When to Have Cataract Surgery
When to have cataract surgery depends on several factors, including:
- Your needs and preferences
- Your doctor’s evaluation
- Any risks or other eye conditions
- When your insurance covers surgery
After considering these factors, you and your doctor will make the decision together. The right treatment for you is one that fits your eyes, your health and your life.
It could be time to have cataract surgery if vision changes are making it difficult to:
- Do activities you enjoy
- Do everyday activities such as shopping, cooking or yard work
- Drive, read or watch TV
At Oregon Eye Specialists, we’re here to help you meet your personal needs and goals. We know that everyone is different and that some activities require sharper vision than others. For example, if you are a pilot, you will probably need cataract surgery earlier than someone with another job or hobby.
If a cataract is preventing treatment for another eye condition, such as age-related macular degeneration (AMD) or diabetic retinopathy, you might have cataract surgery. The cloudy lens caused by a cataract can make it difficult for your doctor to treat these conditions.
In general, insurance pays for cataract surgery when it is medically necessary (needed to restore vision). For example, Medicare standards for medically necessary cataract surgery include:
- Seeing 20/40 or less with glasses or contacts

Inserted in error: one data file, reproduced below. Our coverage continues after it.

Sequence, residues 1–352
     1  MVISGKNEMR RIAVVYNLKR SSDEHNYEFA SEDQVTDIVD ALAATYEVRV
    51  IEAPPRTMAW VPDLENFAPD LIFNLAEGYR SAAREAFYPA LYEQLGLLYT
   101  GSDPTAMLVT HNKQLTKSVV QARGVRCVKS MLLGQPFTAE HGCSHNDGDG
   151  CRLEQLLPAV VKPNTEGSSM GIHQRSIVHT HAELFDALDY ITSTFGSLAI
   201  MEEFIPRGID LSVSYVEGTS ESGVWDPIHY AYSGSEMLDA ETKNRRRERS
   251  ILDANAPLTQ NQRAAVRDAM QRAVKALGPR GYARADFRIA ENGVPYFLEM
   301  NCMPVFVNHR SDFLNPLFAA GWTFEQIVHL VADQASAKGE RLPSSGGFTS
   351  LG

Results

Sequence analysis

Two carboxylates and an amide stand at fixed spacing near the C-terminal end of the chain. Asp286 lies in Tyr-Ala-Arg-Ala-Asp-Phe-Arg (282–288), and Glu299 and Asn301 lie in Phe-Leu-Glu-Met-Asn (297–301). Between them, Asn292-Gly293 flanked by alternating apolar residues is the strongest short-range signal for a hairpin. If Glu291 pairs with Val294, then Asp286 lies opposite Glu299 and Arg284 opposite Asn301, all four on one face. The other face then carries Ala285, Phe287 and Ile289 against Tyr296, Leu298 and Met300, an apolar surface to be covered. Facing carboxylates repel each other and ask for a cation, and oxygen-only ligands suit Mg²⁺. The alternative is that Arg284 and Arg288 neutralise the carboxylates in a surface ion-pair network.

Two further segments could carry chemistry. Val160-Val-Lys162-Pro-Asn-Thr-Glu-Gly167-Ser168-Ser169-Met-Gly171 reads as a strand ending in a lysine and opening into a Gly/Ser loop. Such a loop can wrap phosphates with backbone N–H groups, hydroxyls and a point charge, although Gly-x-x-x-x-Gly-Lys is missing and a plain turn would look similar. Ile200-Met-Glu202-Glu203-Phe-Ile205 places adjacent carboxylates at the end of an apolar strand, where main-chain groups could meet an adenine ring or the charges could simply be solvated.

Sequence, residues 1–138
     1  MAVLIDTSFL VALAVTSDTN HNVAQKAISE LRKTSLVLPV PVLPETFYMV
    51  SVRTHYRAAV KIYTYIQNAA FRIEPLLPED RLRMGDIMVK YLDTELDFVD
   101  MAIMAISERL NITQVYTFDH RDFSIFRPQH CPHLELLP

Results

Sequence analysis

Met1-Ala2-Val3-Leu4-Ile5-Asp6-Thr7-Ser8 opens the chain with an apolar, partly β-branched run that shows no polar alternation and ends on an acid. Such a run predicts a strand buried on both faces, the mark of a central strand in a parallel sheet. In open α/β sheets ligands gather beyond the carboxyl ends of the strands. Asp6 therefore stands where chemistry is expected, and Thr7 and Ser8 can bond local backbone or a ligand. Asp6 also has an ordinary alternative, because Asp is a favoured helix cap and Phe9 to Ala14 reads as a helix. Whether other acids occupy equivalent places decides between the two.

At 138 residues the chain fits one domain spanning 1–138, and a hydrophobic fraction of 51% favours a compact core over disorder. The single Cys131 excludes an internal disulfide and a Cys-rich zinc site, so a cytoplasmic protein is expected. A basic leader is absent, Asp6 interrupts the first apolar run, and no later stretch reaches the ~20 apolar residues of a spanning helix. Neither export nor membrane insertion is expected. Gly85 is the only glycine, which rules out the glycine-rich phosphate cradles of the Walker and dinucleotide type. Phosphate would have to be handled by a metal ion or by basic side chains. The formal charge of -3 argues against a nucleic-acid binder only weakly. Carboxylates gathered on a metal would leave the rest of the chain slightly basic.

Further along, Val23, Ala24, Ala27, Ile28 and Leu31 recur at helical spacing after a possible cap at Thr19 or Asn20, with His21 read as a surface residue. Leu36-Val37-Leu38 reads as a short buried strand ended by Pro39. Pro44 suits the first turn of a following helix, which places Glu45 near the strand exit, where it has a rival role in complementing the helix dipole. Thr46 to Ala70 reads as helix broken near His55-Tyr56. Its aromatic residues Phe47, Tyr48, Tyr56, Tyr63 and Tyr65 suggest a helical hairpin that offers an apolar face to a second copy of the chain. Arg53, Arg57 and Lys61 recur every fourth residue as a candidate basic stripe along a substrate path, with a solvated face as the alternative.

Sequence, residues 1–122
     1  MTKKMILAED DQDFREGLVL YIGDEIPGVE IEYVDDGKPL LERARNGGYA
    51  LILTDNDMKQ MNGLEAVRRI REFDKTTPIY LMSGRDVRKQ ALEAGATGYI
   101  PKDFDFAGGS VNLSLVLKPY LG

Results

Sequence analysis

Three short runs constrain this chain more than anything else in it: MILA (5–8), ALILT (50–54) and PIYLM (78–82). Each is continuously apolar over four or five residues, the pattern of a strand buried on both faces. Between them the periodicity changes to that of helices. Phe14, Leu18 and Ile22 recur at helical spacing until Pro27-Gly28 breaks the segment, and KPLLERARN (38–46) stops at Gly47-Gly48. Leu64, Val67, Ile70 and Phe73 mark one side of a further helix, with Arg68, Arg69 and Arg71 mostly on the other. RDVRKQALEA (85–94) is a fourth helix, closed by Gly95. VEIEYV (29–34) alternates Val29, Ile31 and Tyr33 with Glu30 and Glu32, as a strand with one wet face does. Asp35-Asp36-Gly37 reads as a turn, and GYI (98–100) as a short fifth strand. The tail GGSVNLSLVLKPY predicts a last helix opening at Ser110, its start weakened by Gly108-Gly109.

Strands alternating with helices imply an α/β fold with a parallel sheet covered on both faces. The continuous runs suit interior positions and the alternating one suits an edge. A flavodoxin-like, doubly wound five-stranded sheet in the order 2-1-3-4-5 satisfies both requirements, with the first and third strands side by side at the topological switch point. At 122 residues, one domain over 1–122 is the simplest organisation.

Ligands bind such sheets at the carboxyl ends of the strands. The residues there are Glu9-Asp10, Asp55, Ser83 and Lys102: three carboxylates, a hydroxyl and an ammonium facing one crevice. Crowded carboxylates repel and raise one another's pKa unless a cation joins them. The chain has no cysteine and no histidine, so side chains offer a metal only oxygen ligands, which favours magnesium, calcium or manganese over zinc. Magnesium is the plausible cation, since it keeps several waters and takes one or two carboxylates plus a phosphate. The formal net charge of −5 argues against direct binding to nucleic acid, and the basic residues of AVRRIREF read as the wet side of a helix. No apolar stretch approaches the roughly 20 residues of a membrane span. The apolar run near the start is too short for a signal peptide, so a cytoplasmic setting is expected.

- Being less able to do daily activities such as reading, driving, watching TV or doing work tasks
- Having cataracts that lessen your doctor’s ability to treat another eye disease
These are just some of the standards Medicare uses to determine if cataract surgery is medically necessary. Your doctor can tell you if your eye condition meets them, or if surgery is medically necessary for other reasons.
Other insurance companies may have similar or different standards for cataract surgery. If you have any questions, please talk to our insurance and billing staff as well as your doctor. We’ll work with you to help you understand what your insurance covers and create a treatment plan. Because cataract surgery does involve a small risk, your doctor will probably recommend waiting to have surgery if your cataracts are minor and you can tolerate any vision changes. Changing your glasses prescription and using brighter light for reading can help you see better in the meantime. Talk to your doctor about how to make the most of your vision before surgery.
Results of Cataract Surgery
About 95 percent of people who have cataract surgery see better after the procedure. But if another eye condition affects your vision, such as glaucoma or macular degeneration, you might not have good vision even after cataract surgery. Talk with your doctor about:
- How much cataract surgery could improve your vision
- Surgery risks if you have another eye condition
- If the benefits of cataract surgery are greater than the risks